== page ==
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How is COVID-19 changing urban deliveries?

Juliette Coia, Urbanism Next Center

Image of bicycle delivery worker

Photo by Carl Campbell on Unsplash

While COVID-19 has limited various forms of personal mobility, it does not appear to be limiting goods delivery, especially in urban areas. Rather, the goods delivery industry has expanded remarkably.

Because of social distancing recommendations and fear of contracting the virus, the demand for e-commerce and urban food and meal deliveries has increased dramatically as of March 2020. Some estimate that COVID-19 brought e-commerce five years of growth in just five months. Further, meal-delivery services began attracting many new customers at the start of the pandemic, and sales, reportedly, have more than doubled from 2019 to 2020.  In contrast to the halted demand for AV passenger pilot projects, increased demand for meal delivery has attracted renewed interest from public and private partners, which continue to fund urban delivery pilots and deployments during the pandemic. These delivery modes feature contactless design and are suitable for local meal and grocery delivery.

E-bikes and e-cargo bikes for urban deliveries gained popularity in 2020. With many dining rooms closed to the public, more people are choosing to have meals delivered directly to them, and e-cargo bikes and e-bikes are particularly effective at this kind of delivery. Moreover, e-cargo bikes are able to take advantage of tactical urbanism projects created during the pandemic, which include temporary road closures intended to facilitate walking, biking, and outdoor eating.

As examples, the City of Miami, the City of Boston, and the Brazilian food company iFood initiated e-cargo bike pilots during the summer of 2020, all citing increased demand for local deliveries as a primary motivator. 

In addition to e-cargo bikes and e-bikes for urban deliveries, AVs are also experiencing more demand. In contrast to passenger AVs, most AVs designed for goods delivery do not have an operator inside the vehicle. Users can open up the vehicle by typing a code, using a bluetooth-enabled device, or by communicating with an off-site operator, thereby allowing deliveries to be completed without any person-to-person contact. Public and private partners continue to find new opportunities to test the use cases of these autonomous delivery vehicles, including meal delivery on college campuses--e.g., delivering dining hall meals to students--and to fulfill local grocery deliveries for at-risk populations. Some companies have even worked to find use cases to assist healthcare workers treating COVID-19 patients.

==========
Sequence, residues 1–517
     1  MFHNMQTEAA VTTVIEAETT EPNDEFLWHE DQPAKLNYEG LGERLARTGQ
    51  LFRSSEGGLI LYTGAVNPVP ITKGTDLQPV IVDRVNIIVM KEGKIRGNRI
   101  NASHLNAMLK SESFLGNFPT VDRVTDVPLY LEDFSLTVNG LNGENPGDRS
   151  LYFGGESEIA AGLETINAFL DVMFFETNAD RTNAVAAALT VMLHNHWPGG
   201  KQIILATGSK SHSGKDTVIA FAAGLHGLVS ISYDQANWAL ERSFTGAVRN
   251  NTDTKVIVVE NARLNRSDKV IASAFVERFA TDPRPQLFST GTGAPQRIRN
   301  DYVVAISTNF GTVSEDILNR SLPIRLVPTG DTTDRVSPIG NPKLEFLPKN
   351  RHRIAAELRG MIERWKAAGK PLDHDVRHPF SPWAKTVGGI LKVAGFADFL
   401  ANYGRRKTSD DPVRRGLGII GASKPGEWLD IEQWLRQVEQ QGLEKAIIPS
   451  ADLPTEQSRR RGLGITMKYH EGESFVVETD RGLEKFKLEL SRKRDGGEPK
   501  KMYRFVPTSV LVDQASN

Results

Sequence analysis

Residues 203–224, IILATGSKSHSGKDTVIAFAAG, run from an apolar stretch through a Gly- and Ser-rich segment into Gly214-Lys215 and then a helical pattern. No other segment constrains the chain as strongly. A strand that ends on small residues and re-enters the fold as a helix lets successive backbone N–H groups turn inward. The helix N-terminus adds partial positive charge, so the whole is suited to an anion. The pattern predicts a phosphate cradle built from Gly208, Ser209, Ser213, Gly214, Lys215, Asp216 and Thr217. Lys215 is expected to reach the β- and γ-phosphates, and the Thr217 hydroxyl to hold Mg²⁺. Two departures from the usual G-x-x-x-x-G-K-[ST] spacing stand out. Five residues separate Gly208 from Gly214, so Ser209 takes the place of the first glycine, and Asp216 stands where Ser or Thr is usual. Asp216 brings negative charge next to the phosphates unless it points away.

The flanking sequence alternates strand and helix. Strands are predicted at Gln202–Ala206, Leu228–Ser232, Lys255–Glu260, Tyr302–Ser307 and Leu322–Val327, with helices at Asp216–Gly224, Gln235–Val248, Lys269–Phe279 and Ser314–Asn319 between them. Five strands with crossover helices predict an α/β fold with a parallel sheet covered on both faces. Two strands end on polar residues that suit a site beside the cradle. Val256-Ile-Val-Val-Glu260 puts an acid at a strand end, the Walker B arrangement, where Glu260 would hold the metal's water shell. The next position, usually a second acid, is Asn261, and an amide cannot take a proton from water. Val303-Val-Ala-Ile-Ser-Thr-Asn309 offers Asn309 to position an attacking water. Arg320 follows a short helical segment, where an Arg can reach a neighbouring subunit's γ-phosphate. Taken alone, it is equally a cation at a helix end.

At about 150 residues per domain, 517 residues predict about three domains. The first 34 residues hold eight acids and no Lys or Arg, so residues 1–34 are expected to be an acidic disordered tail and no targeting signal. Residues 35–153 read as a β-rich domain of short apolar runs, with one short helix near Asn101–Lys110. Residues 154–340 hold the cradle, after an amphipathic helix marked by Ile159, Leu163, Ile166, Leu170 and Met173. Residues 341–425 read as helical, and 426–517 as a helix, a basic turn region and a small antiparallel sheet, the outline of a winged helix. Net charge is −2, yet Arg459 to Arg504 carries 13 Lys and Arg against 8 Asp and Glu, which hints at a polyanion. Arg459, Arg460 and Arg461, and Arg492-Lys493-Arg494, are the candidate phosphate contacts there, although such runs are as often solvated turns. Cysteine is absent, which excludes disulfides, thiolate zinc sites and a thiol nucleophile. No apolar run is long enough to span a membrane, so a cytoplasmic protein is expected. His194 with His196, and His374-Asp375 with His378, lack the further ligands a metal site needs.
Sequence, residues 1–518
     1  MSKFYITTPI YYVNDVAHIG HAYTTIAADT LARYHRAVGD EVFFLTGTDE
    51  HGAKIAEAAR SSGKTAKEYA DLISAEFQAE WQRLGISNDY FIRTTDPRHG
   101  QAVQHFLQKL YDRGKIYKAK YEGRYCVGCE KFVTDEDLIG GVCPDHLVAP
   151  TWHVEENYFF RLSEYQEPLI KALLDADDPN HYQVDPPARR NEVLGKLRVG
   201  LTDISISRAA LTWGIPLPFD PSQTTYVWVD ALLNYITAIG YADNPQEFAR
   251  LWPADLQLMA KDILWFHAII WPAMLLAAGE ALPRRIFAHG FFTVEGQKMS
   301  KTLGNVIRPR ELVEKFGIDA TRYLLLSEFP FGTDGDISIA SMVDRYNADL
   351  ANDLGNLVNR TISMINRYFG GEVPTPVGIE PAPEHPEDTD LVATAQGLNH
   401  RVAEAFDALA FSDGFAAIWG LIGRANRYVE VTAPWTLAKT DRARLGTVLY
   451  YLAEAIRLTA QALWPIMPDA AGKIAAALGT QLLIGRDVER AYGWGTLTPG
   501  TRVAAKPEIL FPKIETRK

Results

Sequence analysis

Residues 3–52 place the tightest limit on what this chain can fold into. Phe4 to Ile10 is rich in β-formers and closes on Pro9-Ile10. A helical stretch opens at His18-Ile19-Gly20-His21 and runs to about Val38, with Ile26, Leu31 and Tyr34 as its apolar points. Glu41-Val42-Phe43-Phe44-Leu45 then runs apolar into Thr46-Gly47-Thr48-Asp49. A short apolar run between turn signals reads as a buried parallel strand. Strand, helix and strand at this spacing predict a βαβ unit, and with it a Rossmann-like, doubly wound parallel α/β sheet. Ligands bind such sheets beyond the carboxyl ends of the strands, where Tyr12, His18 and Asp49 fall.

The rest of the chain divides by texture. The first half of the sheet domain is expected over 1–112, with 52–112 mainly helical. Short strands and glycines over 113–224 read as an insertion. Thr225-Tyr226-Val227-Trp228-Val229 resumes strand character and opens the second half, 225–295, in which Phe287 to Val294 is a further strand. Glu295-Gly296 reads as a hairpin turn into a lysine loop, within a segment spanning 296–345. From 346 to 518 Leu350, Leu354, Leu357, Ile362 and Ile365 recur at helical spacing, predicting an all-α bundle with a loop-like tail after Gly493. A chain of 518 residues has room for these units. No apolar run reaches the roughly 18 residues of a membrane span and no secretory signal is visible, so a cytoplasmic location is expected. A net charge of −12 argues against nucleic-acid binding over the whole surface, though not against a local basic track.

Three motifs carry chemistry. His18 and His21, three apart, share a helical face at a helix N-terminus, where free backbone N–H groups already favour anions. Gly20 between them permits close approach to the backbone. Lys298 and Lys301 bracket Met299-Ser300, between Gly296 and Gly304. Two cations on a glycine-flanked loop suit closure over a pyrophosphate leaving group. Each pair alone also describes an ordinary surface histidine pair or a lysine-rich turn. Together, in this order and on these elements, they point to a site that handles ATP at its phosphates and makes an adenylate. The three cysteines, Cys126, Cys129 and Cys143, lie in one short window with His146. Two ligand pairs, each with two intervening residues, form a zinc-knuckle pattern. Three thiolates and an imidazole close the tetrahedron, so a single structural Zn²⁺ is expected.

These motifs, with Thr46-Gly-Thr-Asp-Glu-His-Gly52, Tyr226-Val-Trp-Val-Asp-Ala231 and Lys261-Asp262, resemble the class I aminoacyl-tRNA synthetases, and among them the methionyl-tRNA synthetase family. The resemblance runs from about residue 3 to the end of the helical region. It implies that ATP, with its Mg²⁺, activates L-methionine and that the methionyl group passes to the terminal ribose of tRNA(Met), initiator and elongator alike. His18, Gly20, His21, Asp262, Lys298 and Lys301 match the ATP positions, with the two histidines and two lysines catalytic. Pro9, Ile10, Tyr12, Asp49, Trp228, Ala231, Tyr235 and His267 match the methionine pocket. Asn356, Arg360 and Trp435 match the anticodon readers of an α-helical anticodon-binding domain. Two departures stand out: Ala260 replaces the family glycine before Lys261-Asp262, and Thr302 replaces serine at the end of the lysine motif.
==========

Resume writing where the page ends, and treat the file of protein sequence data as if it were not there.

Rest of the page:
For instance, the Mountain View-based company Nuro partnered with healthcare workers in Southern California to deliver supplies including personal protective equipment (PPE), linens, and food in two field hospitals that treated COVID-19 patients. Similar small-scale deployments of AVs popped up at medical facilities around the world including at the Mayo Clinic in Florida (partnership between NAVYA, the Mayo Clinic, and the Jacksonville Transportation Authority) and at the Siriraj Hospital in Thailand (partnership between Huawei, Siriraj Hospital, and the Thailand National Broadcasting, Telecommunication).

It is natural to wonder what will happen to these pilots and tactical urbanism projects as conditions change. Will these changes stick? Urbanism Next explores challenges related to COVID-19 responses and to the pandemic itself on the Urbanism Next website and in two new reports on COVID-19—Impacts on Cities and Suburbs: Impacts to the Urbanism Next Framework and Impacts Across Multiple Sectors